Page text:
Conduct Unbecoming but Outlook is Brightening

Conduct Unbecoming

but Outlook is Brightening

Whilst so called ‘green shoots’ of Australian and developed world economic growth are well and truly in ascendancy a significant part of our domestic economy is going through a crisis of confidence. We are of course referring to the banking and financial services sector, the dirty linen of which are exposed daily in the media as the Royal Commission into Misconduct in the Banking, Superannuation and Financial Services Industry grinds away, laying bare shocking evidence of misconduct, negligence and even outright fraud. The fact is that this industry makes up almost 40% of the market capitalisation of the 200 largest companies listed on the Australian stock exchange.

All the big banks and, particularly the major financial services company AMP, are taking a pasting in this enquiry, the proceedings of which are still in the early stages of its work.

Leaving the moral aspects of the major offending parties aside, does this mean that the major banks are on the rope, and should we urge their shareholders to abandon ship? It would be understandable if some investors decide to sell their bank shares on account of the many examples of bad behaviour attributable to their staff, management and even to their Boards. But from a pure financial investment point of view, the answer is no – our banks are very strong with solid prospects for, just modest, growth in a growing economy and the ability to maintain their level of attractive dividend payments. Until the Commission has run its course and the Government has decided on any more regulative restrictions that may be imposed on the sector we cannot know the extent to which the reputational damage done may affect future profitability, but the current weakness in the sector’s share prices may present a good investment opportunity. And whilst we certainly should not try to offer any defence for the many examples of unbecoming conduct by the perpetrators, we should acknowledge the medias’ propensity to highlight sensationalist events and negativity in their news coverage, which is likely to have a relatively short-term effect.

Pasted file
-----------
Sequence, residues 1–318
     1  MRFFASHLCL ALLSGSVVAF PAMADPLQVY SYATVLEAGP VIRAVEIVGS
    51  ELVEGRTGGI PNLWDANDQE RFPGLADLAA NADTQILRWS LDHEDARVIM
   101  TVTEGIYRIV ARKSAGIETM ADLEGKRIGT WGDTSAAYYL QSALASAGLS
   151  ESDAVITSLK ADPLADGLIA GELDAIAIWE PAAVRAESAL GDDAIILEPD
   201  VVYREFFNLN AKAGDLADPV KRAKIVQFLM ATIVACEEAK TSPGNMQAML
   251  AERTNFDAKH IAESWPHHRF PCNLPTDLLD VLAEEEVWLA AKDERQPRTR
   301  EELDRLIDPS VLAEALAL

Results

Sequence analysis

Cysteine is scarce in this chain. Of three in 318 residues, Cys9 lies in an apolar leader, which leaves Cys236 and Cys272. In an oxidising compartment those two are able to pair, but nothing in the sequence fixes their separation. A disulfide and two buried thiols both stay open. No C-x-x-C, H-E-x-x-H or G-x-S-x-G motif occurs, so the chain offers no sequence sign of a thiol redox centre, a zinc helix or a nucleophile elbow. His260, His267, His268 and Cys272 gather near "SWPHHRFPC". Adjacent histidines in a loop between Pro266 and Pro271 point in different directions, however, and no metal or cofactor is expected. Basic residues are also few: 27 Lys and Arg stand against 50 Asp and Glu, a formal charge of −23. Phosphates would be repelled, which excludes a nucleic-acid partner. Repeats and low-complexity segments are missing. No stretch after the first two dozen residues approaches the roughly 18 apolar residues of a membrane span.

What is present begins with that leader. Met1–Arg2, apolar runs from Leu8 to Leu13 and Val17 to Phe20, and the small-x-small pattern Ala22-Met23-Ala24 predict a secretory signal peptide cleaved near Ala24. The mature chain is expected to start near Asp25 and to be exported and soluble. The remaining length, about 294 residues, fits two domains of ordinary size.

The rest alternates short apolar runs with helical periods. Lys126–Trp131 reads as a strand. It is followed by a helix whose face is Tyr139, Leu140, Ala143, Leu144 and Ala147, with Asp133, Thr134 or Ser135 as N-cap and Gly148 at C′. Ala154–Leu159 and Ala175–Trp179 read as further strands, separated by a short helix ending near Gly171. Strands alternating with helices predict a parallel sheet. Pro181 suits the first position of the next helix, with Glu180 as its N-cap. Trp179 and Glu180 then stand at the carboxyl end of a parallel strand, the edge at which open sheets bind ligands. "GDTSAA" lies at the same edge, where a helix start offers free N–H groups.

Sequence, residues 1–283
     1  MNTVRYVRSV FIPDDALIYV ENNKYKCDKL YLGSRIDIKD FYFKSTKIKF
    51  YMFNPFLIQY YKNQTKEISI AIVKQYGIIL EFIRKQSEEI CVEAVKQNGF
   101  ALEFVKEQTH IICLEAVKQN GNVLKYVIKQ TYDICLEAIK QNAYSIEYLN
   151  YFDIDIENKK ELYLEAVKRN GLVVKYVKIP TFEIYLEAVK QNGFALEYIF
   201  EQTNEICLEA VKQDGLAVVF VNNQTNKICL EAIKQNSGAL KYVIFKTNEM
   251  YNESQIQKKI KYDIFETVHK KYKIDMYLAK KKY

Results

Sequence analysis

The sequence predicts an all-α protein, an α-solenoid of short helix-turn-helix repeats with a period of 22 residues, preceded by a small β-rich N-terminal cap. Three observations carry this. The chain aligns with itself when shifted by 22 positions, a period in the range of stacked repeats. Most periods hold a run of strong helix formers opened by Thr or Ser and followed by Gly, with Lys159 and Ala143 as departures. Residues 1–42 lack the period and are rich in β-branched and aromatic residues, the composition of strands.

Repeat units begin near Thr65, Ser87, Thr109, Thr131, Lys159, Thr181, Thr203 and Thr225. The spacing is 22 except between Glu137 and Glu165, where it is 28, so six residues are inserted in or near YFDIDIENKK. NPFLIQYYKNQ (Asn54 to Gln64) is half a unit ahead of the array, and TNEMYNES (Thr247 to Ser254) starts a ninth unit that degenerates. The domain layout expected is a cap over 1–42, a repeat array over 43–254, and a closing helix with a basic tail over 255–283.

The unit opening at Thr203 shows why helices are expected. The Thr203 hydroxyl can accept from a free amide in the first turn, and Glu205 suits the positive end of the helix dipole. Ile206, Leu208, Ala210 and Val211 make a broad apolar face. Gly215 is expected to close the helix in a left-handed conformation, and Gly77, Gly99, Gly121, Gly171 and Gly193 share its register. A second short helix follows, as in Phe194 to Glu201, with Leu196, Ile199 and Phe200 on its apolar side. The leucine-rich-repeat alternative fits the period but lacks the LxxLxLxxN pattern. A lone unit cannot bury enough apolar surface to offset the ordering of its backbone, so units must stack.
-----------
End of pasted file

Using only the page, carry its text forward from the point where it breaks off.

In line with the brightening outlook for economic growth our share market has done quite well, in spite of increased volatility, with the exception of the financial services sector which, as outlined above makes up such a significant portion of the broad share market indices. Looking at growth in company profits, and other factors, we are optimistic that there is potential for further gains, but at the same time we are likely to experience further corrections requiring investors to hold their nerve.